Review your IT supplier contracts to reflect changing technology & GDPR


GDPR: There are 90 or so clauses that should now be present in a supplier contract and these can be categorised under three main headings: service, legal, and cost. Data security is one of the weakest contract areas.

GDPR is driving a major review of how we handle personal data and sparking much discussion.

Source: scmagazineuk

One of the spinoffs of the GDPR has been to bring IT vendor contracts clearly into focus. Since for a business to become GDPR compliant, it has to ensure that its partners and its wider ecosystem – its technology partners and the cloud-based providers who process its data – are included, these responsibilities need to be clarified and written into commercial contract terms. It is the very last but crucial step in achieving compliance – to write the new GDPR terms into every supplier contract where the IT vendor touches personal data. This means that the final focus for achieving compliance falls to defining and agreeing the GDPR terms in the third party agreements.

Are there risks lurking in the terms of contracts between an IT department and their IT system or service vendors? Our experience says yes. Until now this area of vendor contracts has tended to be loose, with clients accepting vendors standard terms, and or just addressing the legal parts to the contract. The GDPR regulations are so much more stringent than previous legislation, that there is no chance old contracts will comply.

In reality, there are 90 or so clauses that should be present in a supplier contract and these can be categorised under three main headings: service, legal, and cost. To review legal terms requires some legal knowledge, while the other, more operational areas require a clear understanding of what is fair and best practice in that particular type of IT contract.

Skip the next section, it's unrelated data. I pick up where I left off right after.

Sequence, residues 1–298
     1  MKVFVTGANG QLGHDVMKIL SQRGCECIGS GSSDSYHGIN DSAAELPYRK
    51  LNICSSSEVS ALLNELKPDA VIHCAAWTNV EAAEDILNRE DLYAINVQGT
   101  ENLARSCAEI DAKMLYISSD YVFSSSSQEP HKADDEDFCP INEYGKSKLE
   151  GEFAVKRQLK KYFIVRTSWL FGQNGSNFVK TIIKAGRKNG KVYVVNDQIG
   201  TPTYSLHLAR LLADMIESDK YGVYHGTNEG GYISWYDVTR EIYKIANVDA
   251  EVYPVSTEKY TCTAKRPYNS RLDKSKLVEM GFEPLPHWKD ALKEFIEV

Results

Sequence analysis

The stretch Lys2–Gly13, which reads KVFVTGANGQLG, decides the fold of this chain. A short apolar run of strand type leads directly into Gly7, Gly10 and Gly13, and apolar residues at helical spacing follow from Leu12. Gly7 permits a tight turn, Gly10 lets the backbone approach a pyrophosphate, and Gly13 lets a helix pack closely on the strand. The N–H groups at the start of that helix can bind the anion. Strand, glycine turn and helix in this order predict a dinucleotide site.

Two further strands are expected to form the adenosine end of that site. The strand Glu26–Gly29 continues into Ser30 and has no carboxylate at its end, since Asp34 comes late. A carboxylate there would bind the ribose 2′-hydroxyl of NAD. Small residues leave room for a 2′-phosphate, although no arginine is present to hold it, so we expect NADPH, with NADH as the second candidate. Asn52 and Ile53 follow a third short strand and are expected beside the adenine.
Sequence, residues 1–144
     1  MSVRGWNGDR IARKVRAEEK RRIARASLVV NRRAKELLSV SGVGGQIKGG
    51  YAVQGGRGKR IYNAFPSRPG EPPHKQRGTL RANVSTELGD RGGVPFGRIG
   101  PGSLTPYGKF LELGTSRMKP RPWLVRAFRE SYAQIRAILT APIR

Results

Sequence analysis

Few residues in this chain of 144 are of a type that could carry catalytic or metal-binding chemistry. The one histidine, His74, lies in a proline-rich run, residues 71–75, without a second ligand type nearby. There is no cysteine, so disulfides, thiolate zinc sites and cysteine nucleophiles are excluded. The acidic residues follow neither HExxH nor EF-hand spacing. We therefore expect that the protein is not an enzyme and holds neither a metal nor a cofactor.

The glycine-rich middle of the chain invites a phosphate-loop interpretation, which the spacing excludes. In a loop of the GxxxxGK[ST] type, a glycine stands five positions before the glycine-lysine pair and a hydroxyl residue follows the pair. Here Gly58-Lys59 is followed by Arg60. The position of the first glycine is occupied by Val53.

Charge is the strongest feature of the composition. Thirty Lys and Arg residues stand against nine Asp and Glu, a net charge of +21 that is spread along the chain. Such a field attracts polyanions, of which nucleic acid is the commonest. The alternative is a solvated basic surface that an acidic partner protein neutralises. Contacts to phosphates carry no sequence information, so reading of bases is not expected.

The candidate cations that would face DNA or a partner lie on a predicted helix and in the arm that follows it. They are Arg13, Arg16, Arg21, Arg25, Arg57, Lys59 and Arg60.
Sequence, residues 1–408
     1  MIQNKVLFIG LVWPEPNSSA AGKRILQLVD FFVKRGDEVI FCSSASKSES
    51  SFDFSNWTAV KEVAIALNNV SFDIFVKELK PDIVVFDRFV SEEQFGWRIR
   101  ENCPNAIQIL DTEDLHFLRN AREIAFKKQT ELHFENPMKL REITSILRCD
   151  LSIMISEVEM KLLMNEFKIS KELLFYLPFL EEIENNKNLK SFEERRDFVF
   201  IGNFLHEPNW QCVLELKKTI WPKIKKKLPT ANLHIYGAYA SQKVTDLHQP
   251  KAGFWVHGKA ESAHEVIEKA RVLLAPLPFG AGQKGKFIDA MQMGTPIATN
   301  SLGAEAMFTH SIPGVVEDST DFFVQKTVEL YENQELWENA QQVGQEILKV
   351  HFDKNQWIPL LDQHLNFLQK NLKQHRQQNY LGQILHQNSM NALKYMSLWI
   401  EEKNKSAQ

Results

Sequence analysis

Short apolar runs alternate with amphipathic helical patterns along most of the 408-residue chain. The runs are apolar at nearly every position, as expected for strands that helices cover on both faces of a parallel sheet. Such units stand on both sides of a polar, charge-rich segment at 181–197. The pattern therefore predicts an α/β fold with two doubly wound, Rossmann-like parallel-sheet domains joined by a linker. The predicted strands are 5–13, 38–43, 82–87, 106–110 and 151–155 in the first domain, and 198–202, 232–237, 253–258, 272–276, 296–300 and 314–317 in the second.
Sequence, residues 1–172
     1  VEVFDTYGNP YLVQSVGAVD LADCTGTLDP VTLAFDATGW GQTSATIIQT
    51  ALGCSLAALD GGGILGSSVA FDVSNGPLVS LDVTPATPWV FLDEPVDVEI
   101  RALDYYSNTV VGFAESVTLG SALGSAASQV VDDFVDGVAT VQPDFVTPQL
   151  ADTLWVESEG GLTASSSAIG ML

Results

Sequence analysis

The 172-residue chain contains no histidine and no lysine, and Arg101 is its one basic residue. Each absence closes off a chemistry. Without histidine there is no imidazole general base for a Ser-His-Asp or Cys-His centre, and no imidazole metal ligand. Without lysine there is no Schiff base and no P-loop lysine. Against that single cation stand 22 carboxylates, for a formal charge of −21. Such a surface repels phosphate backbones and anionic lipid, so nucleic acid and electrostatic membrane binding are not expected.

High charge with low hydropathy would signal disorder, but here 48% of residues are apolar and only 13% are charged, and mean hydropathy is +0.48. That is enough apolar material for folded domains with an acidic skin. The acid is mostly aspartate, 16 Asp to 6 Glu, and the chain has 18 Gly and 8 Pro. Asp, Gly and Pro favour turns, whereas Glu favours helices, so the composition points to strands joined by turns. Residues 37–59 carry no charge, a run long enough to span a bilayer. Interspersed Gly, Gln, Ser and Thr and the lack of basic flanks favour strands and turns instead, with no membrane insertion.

Some of the weakest areas in supplier contracts are those which impact directly upon data security. For example, looking at contract terms around Disaster Recovery, more than half of standard supplier contracts are typically deficient compared to best practice, and a large percentage omit the wording and contract terms that a responsible business would expect to see.

The contractual areas around Services tend to be problematical too, with Service Development, Service Levels, and Service Quality tending to be the weakest. Clauses relating to services are often poorly defined and lacking in protection for the customer. They should state the respective responsibilities of both parties – the customer and the supplier – and be clear who should do what, and when. Terms relating to customer and supplier responsibilities are often missing from service provision contracts. More…

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